My local book club’s February pick was this “buzzy” 2014 book…
Nonfiction – Essays
Released August 5, 2014
Bottom Line: Skip it.
Affiliate Link: Amazon
Plot Summary: A collection of essays spanning politics, criticism, and feminism from one of the most-watched young cultural observers of her generation. (Goodreads)
My Thoughts: I wasn’t a fan of this book overall, especially the political essays (lots of ranting, not enough logical arguments or data) and the entire section talking about movies (I haven’t seen a movie in years..I know, that’s really weird). I did enjoy the pop culture essays (Sweet Valley High? Absolutely!), the chapter about her experience on the competitive Scrabble tournament circuit (these things could spawn the next “Best in Show” movie!), and the final chapter about all the ways she departs from the “feminist stereotype” (her favorite color is pink, she loves men!).
The silver lining is that Gay’s essay on likable and dislikable book characters got me thinking about the last book I read, which was…
Released January 20, 2015
Bottom Line: Skip it.
Affiliate Link: Amazon
Source: eGalley provided by the publisher via NetGalley
Plot Summary: When happily married Annie Black receives a photograph from twenty years ago in the mail, she’s forced to confront the past that is now invading her present.
My Thoughts: This was one of those books with a great start and ending, but a huge dip in the middle. Initially, I was hooked on the story and the suspense of how Annie’s past was going to come back to bite her. And, I thought the ending was clever and surprising (a welcome change after seeing The Girl on the Train‘s ending coming a mile away!). But, once Annie really starts delving into her past, the story lost momentum and her character began to annoy me to no end. She was behaving somewhat outrageously, but also being incredibly meek and timid. This bizarre combination frustrated me and I started not to care what idiotic thing she did next…and, this colored my opinion of the overall book.
What does Bad Feminist have to do with my annoyance with A Small Indiscretion‘s Annie Black?
As I read Gay’s essay on character likability and its effect on a reader’s opinion of the overall book, I immediately thought of Annie causing me not to like A Small Indiscretion…and a number of other books where my feelings about the characters influenced my overall opinion/rating.
Here’s a quick view of what I mean…
Sometimes dislikable characters cause me to dislike a book and sometimes they don’t. Why is this? Is there any pattern to it?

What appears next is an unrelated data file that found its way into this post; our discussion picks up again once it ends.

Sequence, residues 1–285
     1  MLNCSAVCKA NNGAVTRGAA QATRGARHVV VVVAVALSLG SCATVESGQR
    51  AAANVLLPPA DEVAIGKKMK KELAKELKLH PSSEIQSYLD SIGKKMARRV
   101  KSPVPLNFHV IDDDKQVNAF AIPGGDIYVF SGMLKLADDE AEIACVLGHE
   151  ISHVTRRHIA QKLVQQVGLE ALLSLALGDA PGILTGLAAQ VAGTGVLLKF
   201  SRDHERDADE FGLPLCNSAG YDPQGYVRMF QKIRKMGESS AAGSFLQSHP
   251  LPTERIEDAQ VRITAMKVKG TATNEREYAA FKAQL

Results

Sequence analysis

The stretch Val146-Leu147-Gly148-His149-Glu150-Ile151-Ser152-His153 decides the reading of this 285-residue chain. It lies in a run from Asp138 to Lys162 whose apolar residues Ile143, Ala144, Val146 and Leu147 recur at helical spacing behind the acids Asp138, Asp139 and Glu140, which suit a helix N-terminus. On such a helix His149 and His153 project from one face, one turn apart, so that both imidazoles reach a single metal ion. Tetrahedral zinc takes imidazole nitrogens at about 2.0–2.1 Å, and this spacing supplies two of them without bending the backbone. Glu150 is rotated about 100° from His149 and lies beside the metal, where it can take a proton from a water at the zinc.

There seem to be two particular scenarios where dislikable characters cause me not to like the overall book…
- When the narrator is dislikable or annoying. I get frustrated living inside someone’s head who drives me crazy (i.e. Cecilia of The Husband’s Secret with all her tupperware and competitive mommying)!
- When every single character is dislikable and there is no “outsider” providing sane, hopefully hilarious commentary on their ridiculous behavior (i.e. no sane outsider in Julia Fierro’s Cutting Teeth).
What makes a character “likable” to me?
In Bad Feminist, Gay describes “likable” characters as those who:
Know how to play by the rules and care to be seen playing by the rules.
Are lovable while they do right.
When I talk about a likable character in a review, Gay’s definition isn’t what I mean. To me, a likable character is not a perfect character. It’s an interesting character that is not annoying…someone I’d want to hang out with. I, like Gay, find “perfectly likable” people a bit boring and not relatable. In real life and in books, I want to feel like I know someone for who they are, warts and all. I’ll take fiery, flawed, selfish Scarlett O’Hara over sweet, perfect Melanie Hamilton Wilkes any day!
Gay shares what she wants to see in characters:
The relevant question isn’t “Is this a potential friend for me?” but “Is this character alive?”
I want characters to be the most honest of all things – human.
I don’t quite agree with the “is this a potential friend for me?” statement because sometimes I do like a character for that reason. But, the characters I want to hang out with are rarely the lovable, rule playing, do-gooders Gay talks about. I’d rather hang out with the “honest humans” – so, I think we’re more or less in agreement.
What types of characters do you find “likable” and “dislikable”? Do dislikable characters color your opinion of the overall book?